NANCY: At the Oyster House Restaurant heads of deer lining the walls watch us while we eat. We leave the gun and hunting debate for another day. We talk instead about being single and dating and how nice it would be to be asked out to dinner or to a show, but the consensus on marrying again is absolutely "no." But, I think to myself, one good kiss could change that point of view. Even at 80.


SUE: At Chokoloskee we visit the Smallwood store. The old general store built on stilts over the water was originally an Indian trading post and is now a museum. We watch a video of "Totch" Brown telling how he spent the old days killing alligators for their skins and egrets for their feathers, making moonshine. It was beside this store where the whole town stood on October 24, 1910 to shoot Mr. Watson as he arrived in his boat, a story told well by Peter Matthiesson in "Killing Mr. Watson."  A bit of old Florida, the real Florida before all the landscaping, development and gentrification.

NANCY: Chokoloskee is a settlement on a shell mound in the twisted mangroves that form the coast along the 10,000 Islands. Although Nancy, Sue, Carol and I live in four different cities, we are all avid book club members and have all read Peter Matthiessen's "Killing Mr. Watson." Mr. Watson met his match when the town opened fire on him as he got out of his boat. On the spot is the Smallwood store, now a museum of pots and irons and newspaper clippings of an era of mullet fishing, marijuana trade and rugged life in the Glades. A treasure in the back of the store is a video of "Totch" Brown, a native on the island and a hardy survivor of a lifetime making a living in the swamp. And to hear him tell it is to shake your head and wonder how anyone could make a life for a family with mosquitos and heat and very little shelter. But he did it. As I drive back to Bonita Springs, I wonder if I could have lived as primitively as Totch who smiled sincerely as he talked of living free in the mangroves. It's raining as we arrive back to the comforts of Naples and Bonita Springs. That night I have my first taste of Vietnamese food.  I have summer rolls and a Pho soup with noodles, sprouts and beef. The food is similar to Chinese but milder.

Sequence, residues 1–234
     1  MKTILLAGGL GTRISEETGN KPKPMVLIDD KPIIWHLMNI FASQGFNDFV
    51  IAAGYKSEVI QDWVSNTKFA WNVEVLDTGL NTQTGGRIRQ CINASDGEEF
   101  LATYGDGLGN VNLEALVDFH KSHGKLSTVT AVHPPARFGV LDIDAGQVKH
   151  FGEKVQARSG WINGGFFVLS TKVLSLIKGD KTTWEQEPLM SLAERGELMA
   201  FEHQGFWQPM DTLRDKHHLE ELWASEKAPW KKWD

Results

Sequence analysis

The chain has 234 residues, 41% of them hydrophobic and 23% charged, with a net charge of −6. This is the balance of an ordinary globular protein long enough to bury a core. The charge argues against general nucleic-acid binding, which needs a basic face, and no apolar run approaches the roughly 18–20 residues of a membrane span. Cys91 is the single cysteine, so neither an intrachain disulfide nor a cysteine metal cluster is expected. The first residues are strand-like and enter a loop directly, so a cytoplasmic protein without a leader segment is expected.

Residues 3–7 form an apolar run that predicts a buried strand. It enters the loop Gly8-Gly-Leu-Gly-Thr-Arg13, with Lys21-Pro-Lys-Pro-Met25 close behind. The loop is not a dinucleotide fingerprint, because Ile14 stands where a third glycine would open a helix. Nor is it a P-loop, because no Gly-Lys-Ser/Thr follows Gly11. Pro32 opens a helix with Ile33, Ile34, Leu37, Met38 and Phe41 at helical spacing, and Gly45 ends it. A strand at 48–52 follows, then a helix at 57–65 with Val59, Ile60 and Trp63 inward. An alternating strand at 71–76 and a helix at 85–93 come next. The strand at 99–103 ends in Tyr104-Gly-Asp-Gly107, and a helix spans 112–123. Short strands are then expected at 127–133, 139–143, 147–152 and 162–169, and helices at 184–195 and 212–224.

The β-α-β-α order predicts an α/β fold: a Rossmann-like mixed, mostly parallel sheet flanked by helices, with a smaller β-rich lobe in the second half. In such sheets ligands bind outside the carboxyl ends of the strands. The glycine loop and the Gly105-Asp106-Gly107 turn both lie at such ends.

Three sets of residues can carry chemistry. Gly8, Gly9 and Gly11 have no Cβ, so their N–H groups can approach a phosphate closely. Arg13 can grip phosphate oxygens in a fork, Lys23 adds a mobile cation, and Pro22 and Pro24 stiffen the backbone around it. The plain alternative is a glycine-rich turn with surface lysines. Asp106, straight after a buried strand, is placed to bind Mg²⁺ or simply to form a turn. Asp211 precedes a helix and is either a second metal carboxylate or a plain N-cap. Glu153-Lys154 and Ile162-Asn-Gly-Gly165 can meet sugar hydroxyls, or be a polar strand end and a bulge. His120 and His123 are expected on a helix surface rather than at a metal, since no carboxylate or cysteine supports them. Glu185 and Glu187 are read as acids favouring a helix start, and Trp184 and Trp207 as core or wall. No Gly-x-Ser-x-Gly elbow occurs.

NANCY: After a quick breakfast and wrestling sheets to Carol's washer, we all head north on Route 41 to visit Sue's friends Joanne and Dick who live in a gated community east of Sarasota. Joanne, Carol and Sue met 40 years ago in The Valley Bar in Lancaster, Pa. Valley girls? Maybe. The stories they tell bring whoops of laughter. Joanne and Dick have a happy second marriage with shared kids. Dick's life is golf and he was playing three days a week until a torn rotator cuff put him on the list for surgery. He's helping around the house now, his wife says. We add up the new knees and hips and laugh at how we all are slowly replacing body parts. After our dinner at the Phillippi Creek Oyster Bar, the two couples return to their gated lives and Sue and I head back to St. Petersburg, just in time for me to meet with a contractor who is repairing the garage wall I damaged with my car last week. Is the gated life with lawn and maintenance taken care of by someone else looking more attractive?